Author Topic: SD Card Performance  (Read 14090 times)

Offline justin@uc

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SD Card Performance
« on: June 28, 2012, 01:51:43 AM »
Hi Mark,

I'm currently using a 16GB SD card hooked up via SPI to my M52259DEMO board to log incoming CAN data (and also send the data to a server program on the PC). The CAN is set to 1 Mb/s, and each message has an 8byte payload. I use a temporary 1KB buffer in RAM to store the data (since I know that SD cards like larger data sets).
The data can come in at either 100, 1000, or 2000 messages/second.

The system can keep up with saving 100 and 1000 messages/sec, but at 2000 it can't. I only get about 1500/second, even after I tried to streamline my application. If I disable SD logging, my system can keep up with 2000 (as I can see from my server program).

I've traced through the SD write routines (through utFAT, mass_storage.c, etc), and I don't see any use of DMA. Is there a way I can easily enable it? Or do I have to manually implement it?

Also, does uTasker support other high-speed "tricks", such as 4-bit mode or setting the card to use "burst mode"?

In short, is there anything I can do to improve performance?

Thank you!
Justin

Offline aersek

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Re: SD Card Performance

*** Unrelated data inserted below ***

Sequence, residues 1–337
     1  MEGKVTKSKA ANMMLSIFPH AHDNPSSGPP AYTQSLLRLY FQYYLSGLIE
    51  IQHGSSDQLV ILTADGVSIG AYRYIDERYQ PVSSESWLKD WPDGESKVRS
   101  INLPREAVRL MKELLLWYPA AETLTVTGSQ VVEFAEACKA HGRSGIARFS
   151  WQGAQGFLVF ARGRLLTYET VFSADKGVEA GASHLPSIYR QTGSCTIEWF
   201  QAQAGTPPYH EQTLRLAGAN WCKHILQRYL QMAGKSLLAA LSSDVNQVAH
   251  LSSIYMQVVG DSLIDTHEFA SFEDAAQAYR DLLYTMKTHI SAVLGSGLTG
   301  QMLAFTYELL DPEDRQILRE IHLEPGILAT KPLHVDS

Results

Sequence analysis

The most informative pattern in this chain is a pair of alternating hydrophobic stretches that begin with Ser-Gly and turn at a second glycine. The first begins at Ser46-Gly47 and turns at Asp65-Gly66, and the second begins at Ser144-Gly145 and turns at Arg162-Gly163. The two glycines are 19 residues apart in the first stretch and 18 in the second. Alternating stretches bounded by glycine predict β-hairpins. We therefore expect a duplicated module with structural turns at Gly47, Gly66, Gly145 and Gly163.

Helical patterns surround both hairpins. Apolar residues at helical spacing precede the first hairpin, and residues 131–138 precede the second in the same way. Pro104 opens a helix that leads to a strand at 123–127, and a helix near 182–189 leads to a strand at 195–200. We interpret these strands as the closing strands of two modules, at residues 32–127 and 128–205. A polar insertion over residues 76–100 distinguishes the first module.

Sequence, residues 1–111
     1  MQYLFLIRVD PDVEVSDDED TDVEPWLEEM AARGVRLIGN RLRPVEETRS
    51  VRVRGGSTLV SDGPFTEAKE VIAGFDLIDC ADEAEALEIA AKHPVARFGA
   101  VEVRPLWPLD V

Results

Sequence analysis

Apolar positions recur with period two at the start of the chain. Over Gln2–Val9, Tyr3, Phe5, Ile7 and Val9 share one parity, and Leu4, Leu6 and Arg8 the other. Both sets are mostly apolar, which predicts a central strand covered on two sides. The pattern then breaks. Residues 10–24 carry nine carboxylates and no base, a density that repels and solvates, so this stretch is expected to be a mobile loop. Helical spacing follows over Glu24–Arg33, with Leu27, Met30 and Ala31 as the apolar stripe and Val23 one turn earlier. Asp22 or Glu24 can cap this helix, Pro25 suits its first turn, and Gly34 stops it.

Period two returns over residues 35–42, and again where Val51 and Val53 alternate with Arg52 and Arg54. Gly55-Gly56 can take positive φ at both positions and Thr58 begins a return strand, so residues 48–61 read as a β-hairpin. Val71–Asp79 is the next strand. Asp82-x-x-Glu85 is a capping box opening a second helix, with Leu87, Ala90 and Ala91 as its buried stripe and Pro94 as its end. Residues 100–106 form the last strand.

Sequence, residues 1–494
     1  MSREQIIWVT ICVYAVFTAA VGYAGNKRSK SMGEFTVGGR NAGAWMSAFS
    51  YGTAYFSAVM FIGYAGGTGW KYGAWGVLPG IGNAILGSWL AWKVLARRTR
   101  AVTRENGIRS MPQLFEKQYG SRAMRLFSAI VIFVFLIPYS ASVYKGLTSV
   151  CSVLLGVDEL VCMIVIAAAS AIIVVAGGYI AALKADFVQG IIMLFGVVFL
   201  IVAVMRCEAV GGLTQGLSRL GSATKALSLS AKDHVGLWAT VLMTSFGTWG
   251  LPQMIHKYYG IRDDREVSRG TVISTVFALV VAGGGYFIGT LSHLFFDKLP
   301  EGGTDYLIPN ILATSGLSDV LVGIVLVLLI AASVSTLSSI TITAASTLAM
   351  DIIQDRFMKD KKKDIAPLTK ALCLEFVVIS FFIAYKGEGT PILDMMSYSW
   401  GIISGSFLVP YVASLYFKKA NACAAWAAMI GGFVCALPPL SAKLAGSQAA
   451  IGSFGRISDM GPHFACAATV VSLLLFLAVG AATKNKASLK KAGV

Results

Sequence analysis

« Reply #1 on: June 28, 2012, 11:06:34 AM »
Writing performance can be enhanced with additional code for caching of FAT table in RAM. Mine colleague have developed these function, with an old 256MB card speedup was 3-4 times, from 4kB/s to 15kB/s. New cards are 5 times faster. With new high capacity, high speed speed cards speedup is not so drastically because bigger cluster size, but you can get at least twice of speedup. We were developed this using CF cards on parallel bus, but I believe that same thing is possible with SD cards.

Trick is that uTasker after every data write in file on card also write FAT sector and update file size. If you keep FAT sector temporary in RAM and update just RAM image, and keep file size also in RAM, you save much of time. Just save FAT on end of file or when you need to change FAT sector, file size save just on end of file, in closeFile routine. Problem is when you turn off power while file is open, and FAT is in RAM, we solved this with saving FAT image and size in NVRAM, so on power up is checked state of NVRAM FAT sector, and saved on card if necessary.